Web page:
Sunday, October 30, 2011

"....Not good enough for me to understand.”

Nearly thirty years ago in Paris, I was walking alone on a sunny May afternoon and I decided to have a beer in a small local café near the Boulevard Saint-Germain on the Left Bank. Business was rather slow and there was a table available outside along the sidewalk. I was seated, the waiter offered the menu and I chose a beer from the Alsace region.

It’s important in this story to remember that the Alsace has flip-flopped a number of times between France and Germany depending on who won what war, but the Alsace has been French since the end of World War II.)

I enjoyed the beer, the sunshine, the people walking by, and my French-language newspaper. The major news stories were about another bombing in the Middle East, something that, sadly, hasn't changed much in all these years.

I’ve always liked studying and using languages. My high school and college French really isn't that bad - I’m a little proud to say that the best backhanded compliment I ever had about my French was from a French couple I sat next to on a flight somewhere. In conversation, they knew my accent was not from France, but they asked if I was from Quebec, at least thinking I was some sort of native francophone. They were surprised that I was from California.)

Now, back to the Paris café.

After a longish time, most of the other customers had left. The waiter brought the bill and returned inside. I looked at the bill and it was double the price of anything that I had seen on the menu.

The waiter didn't return, so I went inside and there by themselves were the barman and the waiter leaning on the bar.

In French I said to the waiter and the barman: "Excusez-moi... j'ai une question à propos de l'addition" ... ("I have a question about the bill") and explained that the bill seemed to be double the price from the menu.

They both scowled in Gallic, pained indifference and their body language was right out of an old Casablanca-style movie and looking for an argument. They both looked at me, leaned forward, elbows on the bar, then crossed and slapped their hands slowly on their upper arms in a comic pose as they listened to me.

Continuing in French, I pointed to the prices painted inside on the wall and continued to ask for a correction of the bill.

The waiter countered in French, "Well Monsieur, you have ordered a special foreign beer at a higher price." to which I pointed out that the Alsace had been returned again to France in 1945 and was not foreign at all.

Then the waiter pulled out his argument stopper. Still in French, he said, “Well then, Monsieur, I am sorry, but your French is not good enough for me to understand.” He wouldn’t hear anything more.

I was stunned. Nonplussed. It’s funny but you can’t actually tell someone that they understand you. Understanding is up to them.

So, stripped of the ability to argue, I fumed a bit and paid the double bill.

I went back out to my table, enjoyed a little more of the golden sunshine and read the whole French newspaper, not really caring if I was staying a little longer than might be expected of a customer.

When I finally decided to leave, I guess I felt that I had paid for the nice glass too, so I kept it.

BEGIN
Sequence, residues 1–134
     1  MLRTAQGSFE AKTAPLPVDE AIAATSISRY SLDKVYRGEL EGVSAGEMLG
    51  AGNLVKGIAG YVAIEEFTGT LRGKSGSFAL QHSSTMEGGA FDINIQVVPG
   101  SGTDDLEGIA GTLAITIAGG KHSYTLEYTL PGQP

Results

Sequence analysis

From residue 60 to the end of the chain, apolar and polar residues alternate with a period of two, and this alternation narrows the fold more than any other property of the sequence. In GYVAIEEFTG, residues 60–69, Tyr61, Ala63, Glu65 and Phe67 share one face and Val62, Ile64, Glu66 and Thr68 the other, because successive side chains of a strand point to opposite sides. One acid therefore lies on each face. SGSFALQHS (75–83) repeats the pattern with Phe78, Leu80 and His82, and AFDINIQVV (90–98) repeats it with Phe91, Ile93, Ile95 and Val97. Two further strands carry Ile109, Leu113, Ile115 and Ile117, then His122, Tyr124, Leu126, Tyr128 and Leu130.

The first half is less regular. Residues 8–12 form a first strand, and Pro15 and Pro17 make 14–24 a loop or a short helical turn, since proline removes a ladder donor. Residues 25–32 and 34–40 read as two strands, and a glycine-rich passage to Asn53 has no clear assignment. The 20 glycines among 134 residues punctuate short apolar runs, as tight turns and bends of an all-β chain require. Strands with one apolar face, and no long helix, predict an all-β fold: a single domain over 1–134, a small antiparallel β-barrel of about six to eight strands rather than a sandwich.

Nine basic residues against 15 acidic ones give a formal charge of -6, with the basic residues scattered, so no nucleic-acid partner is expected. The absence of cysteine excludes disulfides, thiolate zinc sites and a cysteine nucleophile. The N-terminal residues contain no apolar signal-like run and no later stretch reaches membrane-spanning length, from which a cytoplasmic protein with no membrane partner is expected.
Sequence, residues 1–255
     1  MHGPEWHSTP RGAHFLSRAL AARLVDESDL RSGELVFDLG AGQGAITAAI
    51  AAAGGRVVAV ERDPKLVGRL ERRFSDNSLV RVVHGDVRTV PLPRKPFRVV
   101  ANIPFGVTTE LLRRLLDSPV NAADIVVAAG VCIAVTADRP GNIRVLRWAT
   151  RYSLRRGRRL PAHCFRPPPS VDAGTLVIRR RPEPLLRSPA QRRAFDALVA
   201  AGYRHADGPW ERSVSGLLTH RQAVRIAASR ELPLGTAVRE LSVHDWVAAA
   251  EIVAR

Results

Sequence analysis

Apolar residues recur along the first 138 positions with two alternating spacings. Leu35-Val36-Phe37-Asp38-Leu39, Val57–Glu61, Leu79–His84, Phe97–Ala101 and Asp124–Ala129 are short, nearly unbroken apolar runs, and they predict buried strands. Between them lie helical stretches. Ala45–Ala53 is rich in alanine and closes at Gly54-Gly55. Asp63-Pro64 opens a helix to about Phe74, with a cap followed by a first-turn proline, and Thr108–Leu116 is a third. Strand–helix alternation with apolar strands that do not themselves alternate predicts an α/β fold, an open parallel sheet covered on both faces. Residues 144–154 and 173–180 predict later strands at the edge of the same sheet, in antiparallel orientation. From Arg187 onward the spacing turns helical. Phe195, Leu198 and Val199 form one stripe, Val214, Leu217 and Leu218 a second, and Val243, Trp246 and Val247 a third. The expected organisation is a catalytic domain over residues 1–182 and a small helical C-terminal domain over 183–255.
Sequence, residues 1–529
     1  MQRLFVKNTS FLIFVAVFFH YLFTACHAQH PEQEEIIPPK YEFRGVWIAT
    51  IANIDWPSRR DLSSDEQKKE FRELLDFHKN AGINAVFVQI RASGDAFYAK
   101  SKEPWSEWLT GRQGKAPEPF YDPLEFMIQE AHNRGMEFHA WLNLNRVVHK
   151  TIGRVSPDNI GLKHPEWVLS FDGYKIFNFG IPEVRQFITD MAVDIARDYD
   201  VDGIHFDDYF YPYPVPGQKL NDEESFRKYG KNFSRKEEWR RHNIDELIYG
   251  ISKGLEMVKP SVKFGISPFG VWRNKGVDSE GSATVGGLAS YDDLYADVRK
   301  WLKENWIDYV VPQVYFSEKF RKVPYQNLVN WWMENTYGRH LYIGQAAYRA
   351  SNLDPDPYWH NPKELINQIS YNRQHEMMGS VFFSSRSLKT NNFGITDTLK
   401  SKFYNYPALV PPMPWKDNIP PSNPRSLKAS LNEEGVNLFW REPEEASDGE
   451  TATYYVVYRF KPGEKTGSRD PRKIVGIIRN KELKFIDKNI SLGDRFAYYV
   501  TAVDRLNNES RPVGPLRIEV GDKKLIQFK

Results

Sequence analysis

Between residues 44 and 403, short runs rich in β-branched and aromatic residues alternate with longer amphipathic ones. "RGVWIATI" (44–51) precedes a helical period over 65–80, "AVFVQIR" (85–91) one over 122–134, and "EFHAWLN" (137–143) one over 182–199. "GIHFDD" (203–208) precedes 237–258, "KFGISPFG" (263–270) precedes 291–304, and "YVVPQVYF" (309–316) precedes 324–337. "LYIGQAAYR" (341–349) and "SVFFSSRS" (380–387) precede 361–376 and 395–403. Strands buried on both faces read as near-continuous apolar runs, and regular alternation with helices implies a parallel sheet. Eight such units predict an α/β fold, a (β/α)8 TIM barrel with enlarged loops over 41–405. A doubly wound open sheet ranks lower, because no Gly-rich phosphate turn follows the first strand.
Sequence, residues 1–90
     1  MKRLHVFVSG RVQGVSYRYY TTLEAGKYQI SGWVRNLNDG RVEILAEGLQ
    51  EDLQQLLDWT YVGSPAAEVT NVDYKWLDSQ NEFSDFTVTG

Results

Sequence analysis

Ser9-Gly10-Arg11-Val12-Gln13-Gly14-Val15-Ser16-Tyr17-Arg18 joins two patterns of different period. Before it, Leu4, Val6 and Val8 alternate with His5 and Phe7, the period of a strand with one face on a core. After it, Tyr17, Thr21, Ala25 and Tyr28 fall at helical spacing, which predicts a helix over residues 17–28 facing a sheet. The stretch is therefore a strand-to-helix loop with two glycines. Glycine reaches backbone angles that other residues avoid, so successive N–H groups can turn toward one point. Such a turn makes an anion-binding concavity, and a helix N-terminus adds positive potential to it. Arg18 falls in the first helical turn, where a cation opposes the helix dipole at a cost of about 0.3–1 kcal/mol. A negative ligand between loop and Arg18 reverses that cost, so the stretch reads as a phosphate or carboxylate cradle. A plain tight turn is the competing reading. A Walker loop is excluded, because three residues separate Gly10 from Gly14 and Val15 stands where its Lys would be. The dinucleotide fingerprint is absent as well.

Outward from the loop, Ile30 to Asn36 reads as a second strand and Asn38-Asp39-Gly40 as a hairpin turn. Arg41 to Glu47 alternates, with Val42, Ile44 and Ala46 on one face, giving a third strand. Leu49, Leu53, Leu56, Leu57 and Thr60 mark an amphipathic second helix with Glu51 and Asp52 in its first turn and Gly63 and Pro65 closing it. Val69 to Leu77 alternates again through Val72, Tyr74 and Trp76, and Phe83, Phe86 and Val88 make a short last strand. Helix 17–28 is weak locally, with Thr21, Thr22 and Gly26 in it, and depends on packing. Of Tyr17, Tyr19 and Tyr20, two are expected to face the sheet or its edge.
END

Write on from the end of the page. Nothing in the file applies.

Two blocks down the street, the waiter came running up and in English he said, “Hey, you can’t take that glass.”

I turned, looked at him, and replied sadly, “I’m sorry, but your English is not good enough for me to understand.”

He couldn’t say a word and I kept the glass.

Friday, October 07, 2011

Peer-to-Peer Car Sharing

I saw this idea to use GM's OnStar software and smartphones to form a “peer–to-peer” auto sharing network. The idea is: someone walking down the street uses their smartphone to locate and rent someone else's nearby car. Use the OnStar unlocking feature to open the car.

Yeah, it would work in a perfect world.

However, this world being imperfect, loaner cars would get less respect than shopping carts stolen from the supermarket. Private individuals won't put their cars in this program, but the government might.

For starters, since the government owns GM, it will subsidize GM. In lots of ways.

This peer-to-peer car idea might be the best way yet for big spending politicians to claim public good, spend lots of money to benefit themselves and their friends.... and walk away from the inevitable disaster.

Imagine the federal Peer-to-peer Car program: 1) With a large fanfare, the federal government "creates jobs" by buying 10 million GM peer-to-peer cars. They are painted distinctive colors and have stylish “wraps” to advertise the politicians who promoted the project. 2) The price to use one is cheaper than buying a car yourself. 3) All peer-to-peer cars are snapped up instantly. The price is so low that no one actually pays. Cars are never returned. Cars are never washed. 80% of cars are never maintained. 20% of cars get $12,000 per year of government-paid goldbrick maintenance through a GM dealer boondoggle program. Lots of wrecks. Government insurance pays for it all. Millions of freeloader-voters love the free car program.

In two years, almost no peer-to-peer cars can be seen on the roads. They’ve been stolen, repainted, abandoned at airports and commuter train parking lots. Many people live in them.

In year three, if the Democrats are still in White House, the federal government offers $5,000 to scrap each car. The federal government pays for 14 million peer-to-peer cars to be scrapped. Yes, 40% more peer-to-peer cars than ever existed... did you really expect honesty or accountability?

Venture Socialism never works.